Pricing Water Fairly in Southern California
As the primary provider of imported water for a six-county region, the Metropolitan Water District of Southern California and its Board of Directors must fairly allocate the costs of water through its rate structure. More than 15 years ago, Metropolitan began a comprehensive three-year process with extensive public input to develop a new regional pricing system for its 26 member public agencies that provide water to nearly 19 million residents. The new pricing system was put into effect in 2003. After seven years, SDCWA, a member agency, first sued Metropolitan to challenge the allocation of costs within its rate structure. Each of SDCWA’s three lawsuits (2010, 2012, and 2014) challenges Metropolitan’s rates for the subsequent two years. Numerous member agencies have joined the cases in support of Metropolitan .
At Issue: San Diego’s Above-Market Water Purchase
A key issue and motivation for SDCWA’s lawsuits is SDCWA’s agreement to purchase conserved water from the Imperial Irrigation District (IID). SDCWA chose to pay more for IID water than it would for Metropolitan’s water, supposedly to achieve a degree of water independence and additional reliability. However, SDCWA has no pipeline network to transport this water from IID to San Diego County – although it could have and still can choose to construct one – so it currently can only use Metropolitan’s facilities.
Metropolitan agreed to accommodate SDCWA’s request to exchange the IID water plus canal lining water for Metropolitan water, at a set price that SDCWA proposed based on Metropolitan’s rates. Metropolitan provided SDCWA with valuable benefits as part of this agreement: $235 million and nearly 80,000 acre-feet of canal lining water per year for 110 years.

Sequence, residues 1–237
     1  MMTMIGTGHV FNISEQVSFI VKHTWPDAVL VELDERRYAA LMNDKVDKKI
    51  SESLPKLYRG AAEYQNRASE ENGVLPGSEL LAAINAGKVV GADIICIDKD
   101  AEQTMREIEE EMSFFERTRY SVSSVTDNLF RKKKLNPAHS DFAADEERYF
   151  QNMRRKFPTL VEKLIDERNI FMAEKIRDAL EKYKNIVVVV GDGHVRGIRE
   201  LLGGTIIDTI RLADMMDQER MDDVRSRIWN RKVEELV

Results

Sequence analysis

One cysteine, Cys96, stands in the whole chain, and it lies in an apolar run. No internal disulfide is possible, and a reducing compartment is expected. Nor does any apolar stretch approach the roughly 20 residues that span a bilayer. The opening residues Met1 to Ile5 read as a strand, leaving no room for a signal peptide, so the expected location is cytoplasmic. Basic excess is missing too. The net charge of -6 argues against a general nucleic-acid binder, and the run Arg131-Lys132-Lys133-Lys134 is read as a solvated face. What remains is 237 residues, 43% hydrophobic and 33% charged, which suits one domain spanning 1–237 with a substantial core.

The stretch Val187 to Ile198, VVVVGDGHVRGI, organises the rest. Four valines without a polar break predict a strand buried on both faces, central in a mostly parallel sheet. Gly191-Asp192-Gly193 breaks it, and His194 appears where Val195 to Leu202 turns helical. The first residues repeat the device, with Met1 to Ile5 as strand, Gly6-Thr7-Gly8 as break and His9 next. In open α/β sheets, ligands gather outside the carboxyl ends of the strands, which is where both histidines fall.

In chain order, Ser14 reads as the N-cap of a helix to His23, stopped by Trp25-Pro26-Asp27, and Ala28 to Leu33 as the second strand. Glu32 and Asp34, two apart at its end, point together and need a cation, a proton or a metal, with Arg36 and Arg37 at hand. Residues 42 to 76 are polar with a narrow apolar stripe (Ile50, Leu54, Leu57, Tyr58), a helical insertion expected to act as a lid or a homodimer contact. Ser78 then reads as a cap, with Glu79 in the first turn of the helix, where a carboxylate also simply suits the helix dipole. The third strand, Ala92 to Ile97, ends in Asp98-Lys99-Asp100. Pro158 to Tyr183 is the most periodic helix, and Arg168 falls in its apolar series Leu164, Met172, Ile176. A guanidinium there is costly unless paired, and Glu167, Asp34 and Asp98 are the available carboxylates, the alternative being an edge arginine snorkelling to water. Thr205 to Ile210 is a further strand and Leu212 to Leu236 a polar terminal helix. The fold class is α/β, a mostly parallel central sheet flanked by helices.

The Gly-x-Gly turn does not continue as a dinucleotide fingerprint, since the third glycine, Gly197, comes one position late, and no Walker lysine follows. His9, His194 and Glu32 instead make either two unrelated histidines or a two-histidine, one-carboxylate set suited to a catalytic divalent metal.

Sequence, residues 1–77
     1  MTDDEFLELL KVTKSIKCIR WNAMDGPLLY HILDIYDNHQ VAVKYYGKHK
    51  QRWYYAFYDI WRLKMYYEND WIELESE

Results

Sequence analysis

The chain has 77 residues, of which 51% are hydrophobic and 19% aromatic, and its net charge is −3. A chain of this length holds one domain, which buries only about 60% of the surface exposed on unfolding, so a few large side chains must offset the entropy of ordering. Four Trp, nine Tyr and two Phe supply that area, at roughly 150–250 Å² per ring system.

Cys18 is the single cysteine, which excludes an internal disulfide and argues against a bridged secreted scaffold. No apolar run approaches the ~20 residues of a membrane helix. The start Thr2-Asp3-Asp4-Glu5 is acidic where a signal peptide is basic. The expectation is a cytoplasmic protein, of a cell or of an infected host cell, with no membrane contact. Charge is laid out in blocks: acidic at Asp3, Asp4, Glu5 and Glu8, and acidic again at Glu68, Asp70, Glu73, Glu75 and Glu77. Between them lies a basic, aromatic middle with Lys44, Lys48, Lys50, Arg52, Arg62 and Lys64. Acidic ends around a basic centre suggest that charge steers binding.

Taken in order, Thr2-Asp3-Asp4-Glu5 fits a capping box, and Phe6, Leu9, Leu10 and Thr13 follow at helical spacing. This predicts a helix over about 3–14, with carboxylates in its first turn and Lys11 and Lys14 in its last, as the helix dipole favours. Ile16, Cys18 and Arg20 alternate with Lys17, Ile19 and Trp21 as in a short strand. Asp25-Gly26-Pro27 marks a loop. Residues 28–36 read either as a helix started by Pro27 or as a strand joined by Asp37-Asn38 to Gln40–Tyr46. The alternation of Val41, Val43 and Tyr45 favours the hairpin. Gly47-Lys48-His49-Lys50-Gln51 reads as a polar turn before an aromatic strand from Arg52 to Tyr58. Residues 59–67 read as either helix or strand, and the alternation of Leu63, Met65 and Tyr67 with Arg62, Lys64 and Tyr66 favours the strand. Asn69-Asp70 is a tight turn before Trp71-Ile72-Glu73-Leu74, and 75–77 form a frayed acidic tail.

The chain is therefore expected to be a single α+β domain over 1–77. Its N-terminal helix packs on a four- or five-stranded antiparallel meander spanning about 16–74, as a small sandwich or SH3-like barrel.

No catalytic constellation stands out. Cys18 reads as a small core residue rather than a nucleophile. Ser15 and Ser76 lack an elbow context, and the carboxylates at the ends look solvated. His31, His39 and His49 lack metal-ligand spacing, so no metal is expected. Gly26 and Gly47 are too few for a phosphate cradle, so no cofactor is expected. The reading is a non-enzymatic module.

While the IID and canal lining water comes from the Colorado River Aqueduct, the water that Metropolitan delivers to SDCWA in its place – often before SDCWA has made water available to Metropolitan – has less salinity and is a blend of both Colorado River and Northern California water.
Through its lawsuits, SDCWA now seeks to change the agreed price for the exchange water, by arguing that Metropolitan’s rates are unlawful. SDCWA’s lawsuits seek to shift SDCWA’s agreed cost for the exchange water to consumers in Los Angeles, Orange, Ventura, Riverside and San Bernardino counties. SDCWA claims this cost is over $150 million to date, and could amount to over $2 billion over the contract term. Of course, consumers in those areas are not inclined to fund SDCWA’s business decision to pay more to purchase and exchange IID water.
Transporting Water: The Primary Cost
The bulk of the water that Metropolitan delivers comes at relatively little cost for the water itself; the cost is in the construction, operation and maintenance of facilities to transport and deliver the supplies. Metropolitan gets its water from the Colorado River – over 200 miles to the east – and from the State Water Project’s Feather River system in Northern California – over 400 miles away. This water moves through a complex system of pipes, canals and aqueducts. The water is lifted hundreds of feet over mountains and hills by massive pumps. To fund and maintain the State Water Project transportation system, Metropolitan must pay significant fixed transportation costs to the state every year, regardless of whether Metropolitan receives any water. SDCWA’s lawsuits seek to avoid paying its share of building and maintaining this transportation system – at the expense of the system’s other users.